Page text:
5. Terry Amburgey says:

    Here’s a proposal I saw today, let me know what you think Jacques… đŸ™‚

    “Sovereign governments such as the United States can print new money. However, there’s a statutory limit to the amount of paper currency that can be in circulation at any one time.
    Ironically, there’s no similar limit on the amount of coinage. A little-known statute gives the secretary of the Treasury the authority to issue platinum coins in any denomination. So some commentators have suggested that the Treasury create two $1 trillion coins, deposit them in its account in the Federal Reserve and write checks on the proceeds.”

  6. Bruce says:

    As soon as the government passed federal withholding of income they had their hooks in us. They further sealed our fate with Social Security (Ponzi scheme), Medicare, Medicaid, food Stamps, welfare, unemployment compensation, Head Start, Obamacare and all the other dependency programs. The casualties of these programs were the help programs that existed before. If you fell on hard times you went to your family, church, or community for assistance. They helped you get back on your feet. Now we don’t need any of these things, we have the government. You don’t even have to ask for a handout, the government finds you and the money flows automatically and without any of the shame associated with asking people you know for help. There are generations of Americans who have known nothing else. There is no stigma associated with being a loafer. Your family would tell you to get a job, your church might tell you to volunteer your time until you found a job, the community might tell you they’re not going to continue to give you money if you spend it on drugs and alcohol. The government does not judge you, in fact, they reward bad behavior. A woman who has a child out of wedlock at 13 knows that if she has 4 kids by the time she’s 20 that the check will be sweeter. Dependency comes at a cost. The family, church and community are less important when Uncle Sugar slides the checks to you. The increase in the number of Blacks born out of wedlock since the advent of government welfare programs tells the story. It is a self perpetuating disaster for families caught in the web of government help programs. They vote, that the fact that matters, and we have never had so many people dependent on Uncle Sam. It’s a culture of dependency and an entitlement mentality.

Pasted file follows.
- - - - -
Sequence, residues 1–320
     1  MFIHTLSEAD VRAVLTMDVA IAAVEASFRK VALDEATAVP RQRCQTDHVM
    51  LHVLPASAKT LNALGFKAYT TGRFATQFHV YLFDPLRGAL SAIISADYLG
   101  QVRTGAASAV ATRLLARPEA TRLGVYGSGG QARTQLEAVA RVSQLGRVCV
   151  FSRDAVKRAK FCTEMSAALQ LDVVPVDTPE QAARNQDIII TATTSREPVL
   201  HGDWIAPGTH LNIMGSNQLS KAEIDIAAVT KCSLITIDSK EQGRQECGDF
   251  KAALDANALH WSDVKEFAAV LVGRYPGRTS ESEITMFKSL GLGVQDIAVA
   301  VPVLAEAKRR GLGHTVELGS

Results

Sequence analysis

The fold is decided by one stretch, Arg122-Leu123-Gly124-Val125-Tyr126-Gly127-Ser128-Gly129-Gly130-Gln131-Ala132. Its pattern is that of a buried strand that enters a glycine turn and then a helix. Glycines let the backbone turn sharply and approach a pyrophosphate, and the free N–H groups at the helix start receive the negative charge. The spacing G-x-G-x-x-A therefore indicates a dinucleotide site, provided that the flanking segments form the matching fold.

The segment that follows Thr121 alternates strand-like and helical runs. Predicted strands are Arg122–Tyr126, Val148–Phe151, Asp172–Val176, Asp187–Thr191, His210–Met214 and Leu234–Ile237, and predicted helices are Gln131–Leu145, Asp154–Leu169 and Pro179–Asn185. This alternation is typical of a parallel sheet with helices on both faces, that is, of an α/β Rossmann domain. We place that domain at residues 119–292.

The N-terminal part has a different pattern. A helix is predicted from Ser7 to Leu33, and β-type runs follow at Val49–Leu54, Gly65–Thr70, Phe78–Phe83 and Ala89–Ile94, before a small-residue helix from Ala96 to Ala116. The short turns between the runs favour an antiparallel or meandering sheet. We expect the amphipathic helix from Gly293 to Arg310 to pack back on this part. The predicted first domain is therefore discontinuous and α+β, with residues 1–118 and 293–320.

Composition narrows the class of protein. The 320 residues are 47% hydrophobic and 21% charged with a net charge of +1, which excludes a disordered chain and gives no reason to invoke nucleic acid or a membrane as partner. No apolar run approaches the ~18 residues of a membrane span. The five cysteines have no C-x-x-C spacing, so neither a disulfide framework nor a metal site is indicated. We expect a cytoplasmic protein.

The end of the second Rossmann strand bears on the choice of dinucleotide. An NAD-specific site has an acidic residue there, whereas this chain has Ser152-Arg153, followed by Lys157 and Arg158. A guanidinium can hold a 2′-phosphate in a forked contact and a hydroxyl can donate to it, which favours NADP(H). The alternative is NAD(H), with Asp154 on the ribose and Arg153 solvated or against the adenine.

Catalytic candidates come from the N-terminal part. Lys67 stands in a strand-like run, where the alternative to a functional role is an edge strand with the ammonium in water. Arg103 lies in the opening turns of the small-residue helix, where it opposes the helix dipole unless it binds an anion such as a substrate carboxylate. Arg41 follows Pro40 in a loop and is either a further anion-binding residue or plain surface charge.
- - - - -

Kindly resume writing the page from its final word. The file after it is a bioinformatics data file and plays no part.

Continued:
If people who don’t pay federal taxes were not allowed to vote how quickly would things change? Why don’t you see politicians advocating for prisoneers/felons rights?Our founding documents do not guarantee voting rights in federal elections, that’s a state thing. Now it’s seen as an entitlement. I work for a Fortune 250 company. If you don’t hold any shares in my company you don’t get to vote on our board of directors. The board decides, among other things, how we spend our money. Why should people with no skin in the game decide how the money we send to the government is spent? I will add that when times got lean a couple of years ago we went through a 20% downsizing. The government bureaucracy continues to grow by leaps and bounds, regardless of which party is in power. Not sure we can put the cat back in the bag either. Even a major third party factor in 2012 will not change things. A conservative third party will not win, it will only guarantee a Democrat victory. History tell us it’s so. (Teddy Roosevelt’s Bull Moose, and Ross Perot).
    Boehner will give Obama what he wants, the brat will refuse it, the media will paint the GOP as being heartless monsters who want grandma eating cat food and not getting her medication. Obama will twist arms and finally get what he wants because he’s entitled, not because he’s fought for and earned anything. That’s the life of the man-child in a nutshell.
    I’m hopeful that there’s still time to reverse the damage Obama has done, this is still the greatest country in the world and we can overcome.

    • jacquesdelacroix says:

      Well put, Bruce. I have one question though: You refer to the increase in the number of blacks unemployed since government programs. I suppose you mean “percentage.” I wonder if you have any supporting source or if this is an internet urban legend. Sorry for asking but it’s important that conservatives be stricter about facts than the over-imaginative other side .